Goodbye pizza, burger! Centre bans junk food in school cafeterias

Schools have welcomed the order, which will be in force from Dec 1, as they believe it will help in promoting healthy eating habits among children
Representational image
Representational image

Carbonated drinks, packaged juices, chips, burgers, pizzas, samosas and other junk food will go off the menu at cafeterias in schools and snack bars within 50 metres of their campuses from December 1.

As part of its 'Eat Right' campaign, the Centre has banned the sale of pre-packaged foods - referred to as food items high in fat, salt and sugar - to children in school canteens, hostel kitchens, on mess premises or shops within 50 metres of the campus.

Welcoming the order, the schools in the state said they have been following the policy for quite some time.

"We welcome the decision and will implement it in all the member institutions of the Council of CBSE Schools Kerala," said the Council's secretary-general Indira Rajan. "Any order passed by the government for the benefit of children will be implemented in its true spirit."

"I think the order will help students adopt healthy eating habits. The decision to ban vendors selling junk food within 50 metres from the school campuses is also wise as such shops discreetly sell narcotics and tobacco products under the guise of snacks," she said.

Global Public School principal Sreekumar Kartha said promoting healthy eating habits among students has been the policy of the school right from the beginning.

"We have an entirely traditional menu. For breakfast, we serve our students idli and dosas with vada as a side dish. The lunch comprises rice with sambar, vegetables and a non-vegetarian dish that varies every other day," said Sreekumar.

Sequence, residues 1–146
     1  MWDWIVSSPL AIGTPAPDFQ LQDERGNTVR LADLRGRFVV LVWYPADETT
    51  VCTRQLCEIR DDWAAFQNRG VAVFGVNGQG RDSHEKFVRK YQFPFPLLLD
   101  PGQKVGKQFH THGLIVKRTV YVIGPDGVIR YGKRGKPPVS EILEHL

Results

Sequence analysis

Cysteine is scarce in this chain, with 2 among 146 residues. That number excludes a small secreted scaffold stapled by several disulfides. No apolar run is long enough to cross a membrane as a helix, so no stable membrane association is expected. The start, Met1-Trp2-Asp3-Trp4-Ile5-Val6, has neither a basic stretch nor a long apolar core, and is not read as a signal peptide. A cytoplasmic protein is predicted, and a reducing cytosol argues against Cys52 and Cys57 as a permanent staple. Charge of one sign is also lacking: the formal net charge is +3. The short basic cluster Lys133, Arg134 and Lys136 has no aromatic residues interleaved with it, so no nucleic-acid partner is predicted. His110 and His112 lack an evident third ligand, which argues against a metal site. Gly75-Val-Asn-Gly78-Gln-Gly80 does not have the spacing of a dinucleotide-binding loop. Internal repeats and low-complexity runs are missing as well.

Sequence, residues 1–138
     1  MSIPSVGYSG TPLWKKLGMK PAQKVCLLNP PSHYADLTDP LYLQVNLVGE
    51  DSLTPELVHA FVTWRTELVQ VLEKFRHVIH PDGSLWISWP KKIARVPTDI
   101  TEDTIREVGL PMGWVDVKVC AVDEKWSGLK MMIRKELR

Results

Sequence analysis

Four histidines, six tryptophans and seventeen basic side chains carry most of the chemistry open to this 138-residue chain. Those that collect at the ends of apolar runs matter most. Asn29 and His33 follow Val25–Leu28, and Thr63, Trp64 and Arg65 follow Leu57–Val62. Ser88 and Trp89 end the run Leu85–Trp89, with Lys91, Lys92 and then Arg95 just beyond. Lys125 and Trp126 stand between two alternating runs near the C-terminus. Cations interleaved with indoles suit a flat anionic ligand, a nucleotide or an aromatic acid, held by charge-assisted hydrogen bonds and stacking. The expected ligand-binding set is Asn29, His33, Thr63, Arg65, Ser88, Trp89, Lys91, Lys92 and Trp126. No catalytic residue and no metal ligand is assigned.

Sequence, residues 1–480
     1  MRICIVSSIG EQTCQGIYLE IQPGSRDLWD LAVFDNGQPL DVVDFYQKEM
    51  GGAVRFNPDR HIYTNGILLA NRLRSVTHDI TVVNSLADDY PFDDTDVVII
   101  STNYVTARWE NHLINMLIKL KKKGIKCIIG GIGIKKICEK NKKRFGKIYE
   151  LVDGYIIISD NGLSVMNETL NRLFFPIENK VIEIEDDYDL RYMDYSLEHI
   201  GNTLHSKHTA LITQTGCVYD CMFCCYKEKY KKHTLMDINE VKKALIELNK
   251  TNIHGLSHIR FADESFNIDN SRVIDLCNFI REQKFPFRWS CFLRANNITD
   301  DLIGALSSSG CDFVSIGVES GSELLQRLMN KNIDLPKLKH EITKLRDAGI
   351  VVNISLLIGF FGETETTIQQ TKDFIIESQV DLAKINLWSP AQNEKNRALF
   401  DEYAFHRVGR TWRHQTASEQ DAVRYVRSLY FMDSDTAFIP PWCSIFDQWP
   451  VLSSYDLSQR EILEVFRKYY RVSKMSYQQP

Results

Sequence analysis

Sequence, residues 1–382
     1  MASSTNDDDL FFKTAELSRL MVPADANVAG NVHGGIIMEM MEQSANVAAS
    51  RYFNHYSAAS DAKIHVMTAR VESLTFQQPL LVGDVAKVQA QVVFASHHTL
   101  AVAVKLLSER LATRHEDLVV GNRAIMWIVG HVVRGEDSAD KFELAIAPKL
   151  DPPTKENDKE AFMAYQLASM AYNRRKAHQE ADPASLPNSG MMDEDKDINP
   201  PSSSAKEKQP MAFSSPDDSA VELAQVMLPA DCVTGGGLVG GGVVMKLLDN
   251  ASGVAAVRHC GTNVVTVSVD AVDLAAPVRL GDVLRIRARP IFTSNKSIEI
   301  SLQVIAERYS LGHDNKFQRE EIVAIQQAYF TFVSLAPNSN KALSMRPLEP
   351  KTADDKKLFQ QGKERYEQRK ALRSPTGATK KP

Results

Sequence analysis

"We've even asked our students to bring only wholesome food," he said. "The only sweet that we serve along with the meals is the dessert. But that too is done only in the right portion," he said.

Of late, many CBSE schools in the state have been promoting healthy eating habits among students, saying they should bring fruits or vegetables, instead of biscuits and other bakery items.

Healthy eating protocol

Deputy Director of Education (DDE), Ernakulam, D Leela said the government and aided schools are already following healthy eating protocol.

"As of now, the government and aided schools don't have cafeterias on campuses. The students are served meals at the school under the noon-meal scheme. The ingredients used to prepare the meals are nutritious. So the question of implementing the order doesn't arise at all," said the DDE. In the case of vendors selling junk food within 50 metres from campuses, we'll initiate the same action being taken against the shopkeepers who sell banned tobacco items, the DDE said.

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